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C++ allows overloaded operators and does not allow overloaded operators

Most operators in C++ allow overloading,See specific table

There are only 5 operators that cannot be overloaded:

. (Member access operator)

. * (Member pointer access operator)

::(domain operator)

sizeof (length operator)

? ;:(conditional operator)

The first two operators cannot be overloaded to ensure that the function of the access member cannot be changed.The domain and sizeof operators operate on types rather than variables or general expressions.Does not have the characteristics of overloading.

C++ operator overloading rules

C++ defines the following rules for operator overloading.

1) C++ does not allow users to define new operators by themselves,You can only overload existing C++ operators. For example, some people find it convenient to use "**" as a power operator in basic.I also want to define "**" as a power operator in C++,Use "3 ** 5" to indicate 35, which will not work.

2) Overloading cannot change the number of operators (ie, operands). Relational operators ">" and "<" are binocular operators,Binary operator after overloading,Requires two parameters.The operators "+", "-", "*", "&", etc. can be used as monocular operators,Can also be used as a binocular operator,They can be overloaded as monocular operators or binocular operators, respectively.

3) Overloading cannot change the precedence of operators.For example, "*" and "/" take precedence over "+" and "-". Regardless of the overload,The precedence level between the operators does not change.Sometimes i want to change the priority of an operator in a program,You can only use parentheses to force the order of operations of overloaded operators to change.

4) Overloading cannot change the inclusiveness of the operator.If the assignment operator is right-associative (from right to left), it is still right-associative after overloading.

5) Functions with overloaded operators cannot have default parameters,Otherwise, the number of operator parameters is changed,Contradiction with point (2) above.

6) Overloaded operators must be used with user-defined objects of a custom type,At least one of its parameters should be a class object (or a reference to a class object). That is,Parameters cannot all be standard types in C++,To prevent users from modifying the nature of the operators used for standard types of data,It's wrong like this:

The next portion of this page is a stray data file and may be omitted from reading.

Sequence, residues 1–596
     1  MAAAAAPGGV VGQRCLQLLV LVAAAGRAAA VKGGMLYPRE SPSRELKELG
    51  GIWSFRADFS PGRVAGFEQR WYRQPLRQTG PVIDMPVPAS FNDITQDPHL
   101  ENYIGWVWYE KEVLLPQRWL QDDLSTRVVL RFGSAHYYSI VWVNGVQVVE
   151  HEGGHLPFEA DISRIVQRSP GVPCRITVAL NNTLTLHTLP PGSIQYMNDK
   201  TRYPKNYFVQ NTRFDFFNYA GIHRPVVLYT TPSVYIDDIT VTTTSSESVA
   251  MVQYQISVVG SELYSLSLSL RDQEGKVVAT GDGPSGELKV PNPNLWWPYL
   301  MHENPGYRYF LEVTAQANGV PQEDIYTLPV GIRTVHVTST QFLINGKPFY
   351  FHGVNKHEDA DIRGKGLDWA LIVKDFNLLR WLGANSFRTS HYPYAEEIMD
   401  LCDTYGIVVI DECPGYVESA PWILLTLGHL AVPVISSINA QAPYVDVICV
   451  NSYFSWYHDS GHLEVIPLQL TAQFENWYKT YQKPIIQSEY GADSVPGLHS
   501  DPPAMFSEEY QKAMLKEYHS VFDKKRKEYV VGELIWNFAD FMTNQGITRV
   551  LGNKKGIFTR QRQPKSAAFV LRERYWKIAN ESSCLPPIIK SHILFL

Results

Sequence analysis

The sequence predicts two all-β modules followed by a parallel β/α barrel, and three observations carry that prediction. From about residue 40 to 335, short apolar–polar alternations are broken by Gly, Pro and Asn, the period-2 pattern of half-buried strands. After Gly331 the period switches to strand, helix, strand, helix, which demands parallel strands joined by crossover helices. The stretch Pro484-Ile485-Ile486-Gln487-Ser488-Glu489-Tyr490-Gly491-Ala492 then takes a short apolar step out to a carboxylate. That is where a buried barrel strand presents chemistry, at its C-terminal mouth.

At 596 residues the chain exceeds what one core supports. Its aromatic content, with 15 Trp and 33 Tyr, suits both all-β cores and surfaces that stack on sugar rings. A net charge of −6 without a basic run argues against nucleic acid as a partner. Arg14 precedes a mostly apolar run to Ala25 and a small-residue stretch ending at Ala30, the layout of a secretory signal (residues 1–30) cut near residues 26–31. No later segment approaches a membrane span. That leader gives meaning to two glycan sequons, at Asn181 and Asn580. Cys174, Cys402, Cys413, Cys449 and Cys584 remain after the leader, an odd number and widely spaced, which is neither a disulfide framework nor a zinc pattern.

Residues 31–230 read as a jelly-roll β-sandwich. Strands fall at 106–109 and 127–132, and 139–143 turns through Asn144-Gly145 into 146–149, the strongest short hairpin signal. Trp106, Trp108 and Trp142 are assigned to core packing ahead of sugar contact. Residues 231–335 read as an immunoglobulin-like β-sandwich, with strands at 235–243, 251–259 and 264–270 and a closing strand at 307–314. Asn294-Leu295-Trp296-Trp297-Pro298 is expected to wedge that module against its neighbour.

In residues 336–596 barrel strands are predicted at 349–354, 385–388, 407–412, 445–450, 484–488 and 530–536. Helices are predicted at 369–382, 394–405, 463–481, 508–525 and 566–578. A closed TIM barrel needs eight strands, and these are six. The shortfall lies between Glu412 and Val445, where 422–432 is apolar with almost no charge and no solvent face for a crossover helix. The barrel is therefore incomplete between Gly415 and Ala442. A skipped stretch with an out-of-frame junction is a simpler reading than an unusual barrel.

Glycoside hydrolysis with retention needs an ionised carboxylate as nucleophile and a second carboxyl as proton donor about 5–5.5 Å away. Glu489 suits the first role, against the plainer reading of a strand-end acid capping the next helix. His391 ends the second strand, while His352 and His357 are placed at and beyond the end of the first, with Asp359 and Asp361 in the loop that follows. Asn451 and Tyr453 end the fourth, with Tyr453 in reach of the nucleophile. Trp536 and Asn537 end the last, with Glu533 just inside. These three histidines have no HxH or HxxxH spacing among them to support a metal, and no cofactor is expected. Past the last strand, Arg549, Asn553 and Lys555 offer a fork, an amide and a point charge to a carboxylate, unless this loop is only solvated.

int operator + (int a, int b)
  {
    retum (a-b);
  }

The role of the + operator is to add two numbers together,Attempts are now made to reduce its effect to two numbers by overloading. If such overloading is allowed,If there is an expression 4 + 3, is the result 7 or 1?Obviously, this is absolutely forbidden.

If there are two parameters,Both parameters can be class objects,Can also be a class object,One is c++ standard type of data,Such as

 complex operator + (int a, complex&c)
  {
    return complex (a + c.real, c.imag);
  }

Its role is to add an integer and a complex number.

7) Operators used for class objects must generally be overloaded,There are two exceptions.The operators "=" and "&" need not be overloaded.

① The assignment operator (=) can be used for every class object,You can use it to assign values ​​to similar objects. we know,You can use assignment operators to assign values ​​to objects of a class,This is because the system has overloaded an assignment operator for each newly declared class,Its role is to copy the data members of the class one by one.Users can think of it as the default object assignment operator provided by the system,Can be used directly for assignment between objects,You don't have to do the overloading yourself.But sometimes the default object assignment operator provided by the system cannot meet the requirements of the program.For example, when a data member contains a pointer member to dynamically allocated memory,Danger may arise when copying this member.under these circumstances, You need to overload the assignment operator yourself.

② The address operator&does not have to be overloaded,It can return the starting address of the class object in memory.

8) Theoretically,You can overload an operator to perform any operation,If you can overload the addition operator as information in the output object,Overload the ">" operator to a "less than" operation. But this violates the original intention of operator overloading,Instead of improving readability,But inexplicable,Can't understand the program.The function of the overloaded operator should be made similar to that implemented when the operator is applied to standard type data (such as adding with "+",Use ">" to implement "greater than" relational operations).

9) Operator overloaded functions can be member functions of a class,It can also be a friend function of a class,It can also be a normal function that is neither a member function of a class nor a friend function.

These rules are easy to understand,No need to rote.Put them all together,Just to give the reader a holistic concept,Also easy to consult.

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